« "When is Economic Growth Good for the Poor?" | Main | Eggertsson and Krugman: Debt, Deleveraging, and the Liquidity Trap »

Thursday, November 18, 2010

Shiller: Shorting Fiscal Consolidation

A quick post between classes -- Robert Shiller can't figure out why we want to cut the deficit when the cost of new infrastructure is so low, and the benefits are so high:

Shorting Fiscal Consolidation, by Robert J. Shiller, Commentary, Project Syndicate: Real long-term interest rates – that is, interest rates on inflation-protected bonds – have fallen to historic lows in much of the world. This is an economic fact of fundamental significance, for the real long-term interest rate is a direct measure of the cost of borrowing... – and its levels now fly in the face of all the talk about the need to slash government deficits. ...
Long-term inflation-indexed bond yields have fallen to around 1% a year, or less, in the United States, Canada, the United Kingdom, and the eurozone. Elsewhere, yields have been a little higher – around 2% in Mexico, Australia, and New Zealand – but still very low by historical standards.
All these countries have shown roughly the same downward trend in real interest rates for many years, and notably since 2000. ... The low level of real interest rates does not appear to be due to the 2007-2009 financial crisis. In fact, there was a temporary upward spike in real long-term interest rates during the financial crisis in countries with indexed bonds. The rate has come down to low levels only during the period of recovery from the immediate crisis.
Instead, low long-term real interest rates appear to reflect a general failure by governments over the years to use the borrowing opportunities that the inflation-indexed markets present to them. This implies an arbitrage opportunity for governments: borrow massively at these low (or even negative) real interest rates, and invest the proceeds in positive-returning projects, such as infrastructure or education. ...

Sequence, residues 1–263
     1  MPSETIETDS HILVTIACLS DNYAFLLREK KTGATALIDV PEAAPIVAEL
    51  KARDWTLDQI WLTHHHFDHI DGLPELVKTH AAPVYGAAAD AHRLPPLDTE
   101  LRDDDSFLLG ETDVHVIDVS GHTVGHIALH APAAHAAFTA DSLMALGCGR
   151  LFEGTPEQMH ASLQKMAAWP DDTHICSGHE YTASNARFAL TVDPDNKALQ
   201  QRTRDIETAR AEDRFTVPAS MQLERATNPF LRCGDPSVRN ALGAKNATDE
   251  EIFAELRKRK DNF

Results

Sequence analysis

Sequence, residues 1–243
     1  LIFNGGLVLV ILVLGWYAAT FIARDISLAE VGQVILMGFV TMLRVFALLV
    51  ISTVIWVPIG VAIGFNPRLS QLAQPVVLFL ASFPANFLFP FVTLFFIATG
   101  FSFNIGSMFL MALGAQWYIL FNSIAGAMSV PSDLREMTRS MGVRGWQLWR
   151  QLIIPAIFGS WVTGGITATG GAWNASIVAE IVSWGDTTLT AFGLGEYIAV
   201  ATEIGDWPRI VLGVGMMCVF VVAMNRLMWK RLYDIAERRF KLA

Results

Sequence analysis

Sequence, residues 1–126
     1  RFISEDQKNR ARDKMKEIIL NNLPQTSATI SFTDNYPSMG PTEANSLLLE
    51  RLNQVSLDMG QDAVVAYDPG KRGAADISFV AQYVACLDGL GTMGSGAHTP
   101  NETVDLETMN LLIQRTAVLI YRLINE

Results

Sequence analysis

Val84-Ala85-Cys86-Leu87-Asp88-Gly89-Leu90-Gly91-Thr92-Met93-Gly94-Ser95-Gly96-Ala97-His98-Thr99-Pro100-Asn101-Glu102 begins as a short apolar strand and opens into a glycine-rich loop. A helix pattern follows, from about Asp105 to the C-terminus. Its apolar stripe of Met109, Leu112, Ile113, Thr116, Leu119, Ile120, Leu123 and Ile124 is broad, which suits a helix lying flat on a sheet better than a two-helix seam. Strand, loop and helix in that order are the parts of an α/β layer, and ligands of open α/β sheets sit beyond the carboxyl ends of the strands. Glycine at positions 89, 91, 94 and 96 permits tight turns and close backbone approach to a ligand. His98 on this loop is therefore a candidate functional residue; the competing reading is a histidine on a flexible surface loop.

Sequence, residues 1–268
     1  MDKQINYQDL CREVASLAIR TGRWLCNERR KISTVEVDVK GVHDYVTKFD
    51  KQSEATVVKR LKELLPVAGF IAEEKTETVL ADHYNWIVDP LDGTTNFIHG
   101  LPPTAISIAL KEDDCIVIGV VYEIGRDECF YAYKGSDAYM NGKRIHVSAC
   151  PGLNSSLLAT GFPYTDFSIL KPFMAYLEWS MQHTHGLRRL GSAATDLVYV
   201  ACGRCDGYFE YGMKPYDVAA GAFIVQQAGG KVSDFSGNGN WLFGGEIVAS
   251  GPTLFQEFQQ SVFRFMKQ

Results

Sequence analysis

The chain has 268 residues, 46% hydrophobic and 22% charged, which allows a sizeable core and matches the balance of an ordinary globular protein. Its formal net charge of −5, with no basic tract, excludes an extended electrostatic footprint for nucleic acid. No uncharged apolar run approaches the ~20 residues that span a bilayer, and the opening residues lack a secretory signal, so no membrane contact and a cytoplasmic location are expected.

Surely, governments’ levels of long-term investment in infrastructure, education, and research should be much higher now than they were five or ten years ago, when long-term real interest rates were roughly twice as high. The payoffs of such investments are, if anything, higher than they were then, given that many countries still have relatively weak economies that need stimulating.
It is strange that so many governments are now emphasizing fiscal consolidation, when they should be increasing their borrowing to take advantage of rock-bottom real interest rates. This would be an opportune time for governments to issue more inflation-indexed debt, to begin issuing it, or to issue nominal GDP-linked debt, which is analogous to it.

    Posted by on Thursday, November 18, 2010 at 12:02 PM in Economics, Fiscal Policy | Permalink  Comments (6)


    Feed You can follow this conversation by subscribing to the comment feed for this post.